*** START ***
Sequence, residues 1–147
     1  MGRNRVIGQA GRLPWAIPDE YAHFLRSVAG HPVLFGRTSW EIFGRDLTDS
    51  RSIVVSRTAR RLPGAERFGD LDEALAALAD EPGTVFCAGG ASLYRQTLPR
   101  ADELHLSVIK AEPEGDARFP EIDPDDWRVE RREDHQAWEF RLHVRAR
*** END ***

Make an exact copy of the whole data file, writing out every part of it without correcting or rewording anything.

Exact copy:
Sequence, residues 1–147
     1  MGRNRVIGQA GRLPWAIPDE YAHFLRSVAG HPVLFGRTSW EIFGRDLTDS
    51  RSIVVSRTAR RLPGAERFGD LDEALAALAD EPGTVFCAGG ASLYRQTLPR
   101  ADELHLSVIK AEPEGDARFP EIDPDDWRVE RREDHQAWEF RLHVRAR